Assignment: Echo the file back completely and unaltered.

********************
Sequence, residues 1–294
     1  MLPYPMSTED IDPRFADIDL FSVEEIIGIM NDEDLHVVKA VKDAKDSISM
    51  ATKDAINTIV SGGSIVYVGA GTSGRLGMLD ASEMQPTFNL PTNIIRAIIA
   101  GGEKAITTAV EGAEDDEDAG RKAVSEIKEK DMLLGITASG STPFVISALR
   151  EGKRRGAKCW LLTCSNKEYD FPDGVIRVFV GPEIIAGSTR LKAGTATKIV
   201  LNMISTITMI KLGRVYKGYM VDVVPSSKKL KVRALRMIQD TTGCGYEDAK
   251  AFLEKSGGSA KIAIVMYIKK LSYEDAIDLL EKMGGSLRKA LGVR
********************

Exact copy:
Sequence, residues 1–294
     1  MLPYPMSTED IDPRFADIDL FSVEEIIGIM NDEDLHVVKA VKDAKDSISM
    51  ATKDAINTIV SGGSIVYVGA GTSGRLGMLD ASEMQPTFNL PTNIIRAIIA
   101  GGEKAITTAV EGAEDDEDAG RKAVSEIKEK DMLLGITASG STPFVISALR
   151  EGKRRGAKCW LLTCSNKEYD FPDGVIRVFV GPEIIAGSTR LKAGTATKIV
   201  LNMISTITMI KLGRVYKGYM VDVVPSSKKL KVRALRMIQD TTGCGYEDAK
   251  AFLEKSGGSA KIAIVMYIKK LSYEDAIDLL EKMGGSLRKA LGVR